“Your brand is what people say it is.”
Scary? Maybe. True? I believe so. No matter who you are, a huge Fortune 500 or a local chain of delis… if you have a brand, people are talking about you. They are posting reviews on Whrrl and Tweeting about your customer service and recommending you (or your competitor) to their Facebook friends. We learned just this week from Mashable that Social Networking was more popular than email in 2008.
Photo via flickr user elizabeth.gebhardt
What can you do? Join the conversation. Create a groundswell.
I recently finished the book Groundswell by Forrester Researchers Charlene Li (@charleneli on Twitter) and Josh Bernoff (@jbernoff on Twitter). The book works through the social trend Forrester has deemed “the Groundswell.” As they put it:
“The Groundswell is the social trend in which people use technology to get the things they need from each other, rather than from traditional institutions like corporations.”
The book focuses on understanding just what the Groundswell is and how to tap into the power of the movement in ways that make sense (qualitatively and quantitatively) for you and your customers. It’s all about harnessing the power of social technologies like blogs, social networks, and YouTube… but it’s not just about the tools, it’s about interacting with customers in new ways – meeting them where they are.
Groundswell goes into a lot of detail on specific strategies, but the following are the general steps for organizations to interact with their customers online:
- Identify your audience
Who are they? How do they act online? There are several levels of online participation and your audience may fall into any of 5 categories: Inactives, Spectators, Joiners, Collectors, Critics, or Creators. This is a fascinating scale Forrester calls the “Social Technographics Profile” that could merit it’s own blog post. Generally, you want to use this profile to verify that your customers are even using social networks. If people love your brand, then move forward!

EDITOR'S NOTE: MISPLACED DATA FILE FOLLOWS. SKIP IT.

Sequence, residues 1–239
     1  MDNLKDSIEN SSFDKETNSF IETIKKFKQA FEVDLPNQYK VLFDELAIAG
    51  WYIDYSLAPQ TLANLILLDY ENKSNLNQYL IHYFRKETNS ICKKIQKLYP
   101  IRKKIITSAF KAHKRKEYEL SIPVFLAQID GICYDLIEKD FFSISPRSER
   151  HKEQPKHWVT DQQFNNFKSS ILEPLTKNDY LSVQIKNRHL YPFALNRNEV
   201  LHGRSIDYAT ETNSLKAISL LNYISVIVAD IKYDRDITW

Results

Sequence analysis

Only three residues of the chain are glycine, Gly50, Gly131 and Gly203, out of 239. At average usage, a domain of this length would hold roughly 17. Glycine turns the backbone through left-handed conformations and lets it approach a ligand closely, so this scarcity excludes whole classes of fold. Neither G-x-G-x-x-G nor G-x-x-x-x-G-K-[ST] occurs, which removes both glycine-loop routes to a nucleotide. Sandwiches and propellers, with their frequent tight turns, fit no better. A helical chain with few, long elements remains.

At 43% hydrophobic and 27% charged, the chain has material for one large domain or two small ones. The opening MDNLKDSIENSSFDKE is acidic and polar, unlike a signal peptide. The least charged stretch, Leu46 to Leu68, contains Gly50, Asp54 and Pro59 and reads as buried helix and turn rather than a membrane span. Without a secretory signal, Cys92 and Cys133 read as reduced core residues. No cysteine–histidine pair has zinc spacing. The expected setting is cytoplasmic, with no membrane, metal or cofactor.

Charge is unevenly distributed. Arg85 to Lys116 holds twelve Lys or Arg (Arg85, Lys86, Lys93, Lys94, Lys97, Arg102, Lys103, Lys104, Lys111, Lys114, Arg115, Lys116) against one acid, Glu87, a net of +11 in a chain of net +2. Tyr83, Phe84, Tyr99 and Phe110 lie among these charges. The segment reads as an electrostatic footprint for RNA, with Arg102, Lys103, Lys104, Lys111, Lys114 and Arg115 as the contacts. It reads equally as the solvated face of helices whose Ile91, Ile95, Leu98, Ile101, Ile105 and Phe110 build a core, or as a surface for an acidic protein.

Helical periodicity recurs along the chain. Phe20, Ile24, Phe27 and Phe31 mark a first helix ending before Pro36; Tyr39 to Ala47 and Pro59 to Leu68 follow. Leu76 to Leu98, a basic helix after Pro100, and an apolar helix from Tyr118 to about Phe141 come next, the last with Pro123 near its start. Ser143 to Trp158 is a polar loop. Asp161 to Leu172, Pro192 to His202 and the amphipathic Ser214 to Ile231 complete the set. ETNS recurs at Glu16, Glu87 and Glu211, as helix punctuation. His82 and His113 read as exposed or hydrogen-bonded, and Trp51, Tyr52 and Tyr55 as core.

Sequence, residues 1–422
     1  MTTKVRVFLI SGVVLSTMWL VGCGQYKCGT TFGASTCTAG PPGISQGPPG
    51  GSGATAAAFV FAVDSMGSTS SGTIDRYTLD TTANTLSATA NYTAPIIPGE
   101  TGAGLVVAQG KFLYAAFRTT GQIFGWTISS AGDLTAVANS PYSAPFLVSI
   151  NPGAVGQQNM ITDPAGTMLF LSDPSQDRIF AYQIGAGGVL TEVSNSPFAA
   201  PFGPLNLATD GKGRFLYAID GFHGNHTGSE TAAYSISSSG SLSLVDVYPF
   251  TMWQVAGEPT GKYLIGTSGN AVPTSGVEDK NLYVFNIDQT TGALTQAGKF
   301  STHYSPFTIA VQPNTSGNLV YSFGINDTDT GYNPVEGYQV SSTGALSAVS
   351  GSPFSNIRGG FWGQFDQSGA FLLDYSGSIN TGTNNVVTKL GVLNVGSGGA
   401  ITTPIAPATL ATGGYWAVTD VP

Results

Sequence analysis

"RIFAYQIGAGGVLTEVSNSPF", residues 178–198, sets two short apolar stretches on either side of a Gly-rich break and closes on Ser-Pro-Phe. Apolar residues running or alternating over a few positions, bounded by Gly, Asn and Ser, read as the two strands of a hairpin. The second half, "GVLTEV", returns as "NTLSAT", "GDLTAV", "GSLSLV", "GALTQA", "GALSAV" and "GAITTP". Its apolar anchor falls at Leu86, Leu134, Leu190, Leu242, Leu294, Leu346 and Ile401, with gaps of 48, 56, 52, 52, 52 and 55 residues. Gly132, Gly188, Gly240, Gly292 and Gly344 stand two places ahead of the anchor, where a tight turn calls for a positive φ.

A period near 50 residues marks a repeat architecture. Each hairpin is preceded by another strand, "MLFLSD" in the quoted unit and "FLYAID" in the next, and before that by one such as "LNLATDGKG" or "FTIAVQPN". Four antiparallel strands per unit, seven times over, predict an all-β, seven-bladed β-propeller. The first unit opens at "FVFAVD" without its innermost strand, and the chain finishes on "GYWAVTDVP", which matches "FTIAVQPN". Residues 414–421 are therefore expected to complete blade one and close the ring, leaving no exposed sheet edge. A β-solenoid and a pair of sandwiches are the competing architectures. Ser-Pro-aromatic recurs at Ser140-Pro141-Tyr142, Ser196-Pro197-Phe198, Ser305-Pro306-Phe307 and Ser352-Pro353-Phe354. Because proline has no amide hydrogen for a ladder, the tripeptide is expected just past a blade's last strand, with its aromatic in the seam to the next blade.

- Create a plan
There are a number of objectives companies can pursue using social tools. Groundswell specifically addresses listening, talking, energizing, supporting, and embracing (think of these as research, marketing, sales, support, and development respectively).
- Think through the consequences of your strategy
From legal issues to the effect of the additional responsibility on your employees, consider the effects of your plan before you put it in motion.
- Put somebody important in charge of it
It’s important to make your plan a priority. Exactly who the owner is depends on the goals you’re trying to achieve.
- Use great care in selecting your technology and partners
Make sure anyone you work with outside of your organization understands you, your customers, and what you’re trying to accomplish.
Why I like this book
The great thing about this book is the qualitative analysis (as if you would expect anything less from Forrester). It’s full of fascinating numbers and charts and data that back up the commentary. It’s often difficult to quantify the benefits of social tools, and Groundswell does a great job sorting out the data.
Another reason I’m a big fan of this book is because it speaks to both those of us who can’t imagine our lives without online social tools, and those who are afraid of what social media means for their business. It’s extremely compelling no matter where you’re coming from.
Pick up the book! And for more on Groundswell, check out the Groundswell blog!